Energy bills will hit £4,266 for a typical household by January 2023 – piling even more pressure on the beleaguered UK public.
That warning comes from consultancy firm Cornwall Insight.
They say their higher estimate means that the average household are faced with paying a staggering £355 a month, instead of £164 a month currently.
Consumers already owe £1.3bn to the various energy suppliers, two months before bills are set to jump further, by more than 80%.
Martin Lewis, the well-known founder of Money Saving Expert, has said that the bills are “unaffordable for millions.”
Mr Lewis tweeted: “People’s livelihoods, mental wellbeing and in some cases very lives depend on this. The prediction, based on Ofgem’s new methodology, is an 81% price cap rise in October (taking typical bill to £3,582/yr) and a further 19% in January (so £4,266/yr).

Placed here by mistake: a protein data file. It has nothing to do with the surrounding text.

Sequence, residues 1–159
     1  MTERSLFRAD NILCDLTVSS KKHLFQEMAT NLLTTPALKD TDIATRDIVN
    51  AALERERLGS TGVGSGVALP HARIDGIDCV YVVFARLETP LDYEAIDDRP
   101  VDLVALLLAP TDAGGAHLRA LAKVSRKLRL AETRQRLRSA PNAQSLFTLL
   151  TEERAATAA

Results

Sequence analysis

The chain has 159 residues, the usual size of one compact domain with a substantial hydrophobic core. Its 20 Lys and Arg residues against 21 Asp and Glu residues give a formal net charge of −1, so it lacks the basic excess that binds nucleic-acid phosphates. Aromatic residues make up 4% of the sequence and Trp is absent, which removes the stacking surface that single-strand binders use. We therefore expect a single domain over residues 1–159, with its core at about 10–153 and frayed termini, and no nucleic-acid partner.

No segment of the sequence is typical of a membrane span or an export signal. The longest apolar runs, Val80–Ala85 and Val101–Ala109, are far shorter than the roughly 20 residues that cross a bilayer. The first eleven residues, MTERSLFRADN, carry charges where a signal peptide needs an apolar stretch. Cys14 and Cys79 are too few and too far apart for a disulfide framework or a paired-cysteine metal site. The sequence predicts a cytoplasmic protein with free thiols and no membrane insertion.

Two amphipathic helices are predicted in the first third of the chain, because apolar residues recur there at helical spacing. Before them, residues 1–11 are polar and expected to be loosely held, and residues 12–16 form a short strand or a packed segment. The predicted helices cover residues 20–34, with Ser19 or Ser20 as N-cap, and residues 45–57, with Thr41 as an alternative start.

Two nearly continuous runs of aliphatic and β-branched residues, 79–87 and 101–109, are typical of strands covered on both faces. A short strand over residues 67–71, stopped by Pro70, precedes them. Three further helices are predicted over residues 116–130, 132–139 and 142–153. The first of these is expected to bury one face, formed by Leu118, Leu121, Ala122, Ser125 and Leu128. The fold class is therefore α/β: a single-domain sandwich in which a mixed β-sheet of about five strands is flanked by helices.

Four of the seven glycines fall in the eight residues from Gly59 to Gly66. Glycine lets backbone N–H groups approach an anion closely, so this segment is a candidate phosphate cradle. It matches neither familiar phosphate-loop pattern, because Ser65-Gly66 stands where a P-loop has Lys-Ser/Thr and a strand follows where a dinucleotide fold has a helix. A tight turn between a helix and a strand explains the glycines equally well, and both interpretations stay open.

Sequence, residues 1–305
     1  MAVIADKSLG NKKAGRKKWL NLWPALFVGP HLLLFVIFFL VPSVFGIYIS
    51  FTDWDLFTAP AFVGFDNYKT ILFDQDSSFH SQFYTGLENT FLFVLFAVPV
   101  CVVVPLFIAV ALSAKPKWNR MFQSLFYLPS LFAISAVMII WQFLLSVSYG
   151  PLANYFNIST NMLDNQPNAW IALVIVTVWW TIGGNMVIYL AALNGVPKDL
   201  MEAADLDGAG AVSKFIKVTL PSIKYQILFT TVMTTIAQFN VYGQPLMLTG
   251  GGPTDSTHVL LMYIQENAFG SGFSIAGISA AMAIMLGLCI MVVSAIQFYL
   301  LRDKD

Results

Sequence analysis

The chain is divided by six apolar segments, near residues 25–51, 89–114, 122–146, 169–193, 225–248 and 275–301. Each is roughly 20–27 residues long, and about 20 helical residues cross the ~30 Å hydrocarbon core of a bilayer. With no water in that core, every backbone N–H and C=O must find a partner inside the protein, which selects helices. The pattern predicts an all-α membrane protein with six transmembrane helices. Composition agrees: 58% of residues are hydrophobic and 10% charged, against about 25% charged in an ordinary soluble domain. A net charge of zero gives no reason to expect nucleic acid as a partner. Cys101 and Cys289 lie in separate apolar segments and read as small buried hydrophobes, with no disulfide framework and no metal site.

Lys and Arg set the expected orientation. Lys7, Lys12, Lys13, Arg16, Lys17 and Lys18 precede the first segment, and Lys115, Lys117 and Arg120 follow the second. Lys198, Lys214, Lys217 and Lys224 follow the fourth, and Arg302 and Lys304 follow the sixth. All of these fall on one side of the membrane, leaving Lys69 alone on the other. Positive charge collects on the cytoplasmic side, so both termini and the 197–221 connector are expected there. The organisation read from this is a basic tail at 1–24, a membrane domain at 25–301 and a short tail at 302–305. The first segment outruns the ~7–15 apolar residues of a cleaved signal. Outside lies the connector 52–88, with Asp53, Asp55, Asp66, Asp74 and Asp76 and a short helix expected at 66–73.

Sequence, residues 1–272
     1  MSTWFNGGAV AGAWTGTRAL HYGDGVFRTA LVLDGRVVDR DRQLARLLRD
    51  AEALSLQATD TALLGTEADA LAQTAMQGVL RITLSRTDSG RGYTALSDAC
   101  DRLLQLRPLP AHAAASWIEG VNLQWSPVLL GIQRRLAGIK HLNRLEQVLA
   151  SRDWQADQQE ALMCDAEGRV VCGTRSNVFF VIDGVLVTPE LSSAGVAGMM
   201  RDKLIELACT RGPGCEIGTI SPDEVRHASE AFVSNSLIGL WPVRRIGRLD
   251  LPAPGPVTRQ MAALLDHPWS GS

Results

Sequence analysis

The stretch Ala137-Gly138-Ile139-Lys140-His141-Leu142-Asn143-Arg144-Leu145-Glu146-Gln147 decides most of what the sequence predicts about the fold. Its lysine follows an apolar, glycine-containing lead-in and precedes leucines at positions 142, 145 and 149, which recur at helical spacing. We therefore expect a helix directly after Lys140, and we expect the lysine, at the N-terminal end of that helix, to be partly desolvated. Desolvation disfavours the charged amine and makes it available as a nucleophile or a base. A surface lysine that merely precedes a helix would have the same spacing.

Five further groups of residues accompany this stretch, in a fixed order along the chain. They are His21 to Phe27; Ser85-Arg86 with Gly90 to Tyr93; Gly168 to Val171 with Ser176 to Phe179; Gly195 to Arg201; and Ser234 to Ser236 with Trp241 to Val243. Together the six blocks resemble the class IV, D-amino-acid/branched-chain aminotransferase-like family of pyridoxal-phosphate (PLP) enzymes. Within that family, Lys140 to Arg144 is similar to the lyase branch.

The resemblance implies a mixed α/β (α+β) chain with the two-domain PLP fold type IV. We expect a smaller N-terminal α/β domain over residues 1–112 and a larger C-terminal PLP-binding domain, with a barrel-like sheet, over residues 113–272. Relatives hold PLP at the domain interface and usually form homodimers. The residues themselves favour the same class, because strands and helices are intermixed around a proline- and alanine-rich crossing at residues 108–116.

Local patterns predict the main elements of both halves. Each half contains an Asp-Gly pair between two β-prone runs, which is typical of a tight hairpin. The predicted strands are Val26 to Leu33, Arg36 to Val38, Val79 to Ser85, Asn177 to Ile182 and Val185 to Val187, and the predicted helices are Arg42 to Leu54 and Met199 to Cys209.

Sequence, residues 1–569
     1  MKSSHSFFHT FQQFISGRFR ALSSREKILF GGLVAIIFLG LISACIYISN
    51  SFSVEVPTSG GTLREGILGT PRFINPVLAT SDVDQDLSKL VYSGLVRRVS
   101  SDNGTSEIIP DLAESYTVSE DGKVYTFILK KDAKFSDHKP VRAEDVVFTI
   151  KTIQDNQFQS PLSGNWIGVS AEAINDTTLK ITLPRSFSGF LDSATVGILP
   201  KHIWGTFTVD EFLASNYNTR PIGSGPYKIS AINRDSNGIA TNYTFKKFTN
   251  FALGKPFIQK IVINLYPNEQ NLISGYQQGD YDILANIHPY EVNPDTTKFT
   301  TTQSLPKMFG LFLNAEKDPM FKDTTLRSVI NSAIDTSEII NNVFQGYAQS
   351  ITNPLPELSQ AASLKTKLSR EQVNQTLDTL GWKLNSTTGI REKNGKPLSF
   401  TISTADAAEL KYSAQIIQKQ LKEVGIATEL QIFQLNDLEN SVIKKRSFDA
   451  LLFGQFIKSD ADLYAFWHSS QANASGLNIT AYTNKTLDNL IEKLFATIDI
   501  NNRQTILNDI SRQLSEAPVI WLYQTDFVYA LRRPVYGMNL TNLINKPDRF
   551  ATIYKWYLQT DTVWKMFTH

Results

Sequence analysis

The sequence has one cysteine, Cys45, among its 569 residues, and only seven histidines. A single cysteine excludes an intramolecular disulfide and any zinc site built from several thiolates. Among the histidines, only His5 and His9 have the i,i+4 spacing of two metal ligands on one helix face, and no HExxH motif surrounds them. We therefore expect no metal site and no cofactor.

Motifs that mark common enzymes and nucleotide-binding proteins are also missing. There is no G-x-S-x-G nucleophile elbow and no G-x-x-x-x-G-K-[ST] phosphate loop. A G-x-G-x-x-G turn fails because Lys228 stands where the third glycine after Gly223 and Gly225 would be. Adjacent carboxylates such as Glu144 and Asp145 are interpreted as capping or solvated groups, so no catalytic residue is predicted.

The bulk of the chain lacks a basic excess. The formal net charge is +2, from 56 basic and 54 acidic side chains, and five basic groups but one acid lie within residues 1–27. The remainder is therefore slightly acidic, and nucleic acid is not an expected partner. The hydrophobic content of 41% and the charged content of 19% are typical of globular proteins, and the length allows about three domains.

“Action and planning is needed now. The January 2023 figure equates to 45% of the full new state pension, and a higher proportion of the old one. The rise alone on the January prediction, from when the help was first announced in May, is roughly £1,400 per year.
“That rise alone swallows up not just the £400 help for all homes, but even the £1,200 for the poorest. This will leave many destitute. Tax cuts won’t help the poorest, including many elderly and disabled who have higher energy usage.”
The energy regulator Ofgem warned wholesale prices were moving so fast that future forecasts were not reliable.
“We cannot stop others from making predictions, but we would ask that extreme caution is applied to any predictions for the price cap in January or beyond.”
Meanwhile, despite growing unrest among the UK population, the government has so far rejected calls for further assistance until a new prime minister is installed early in September.
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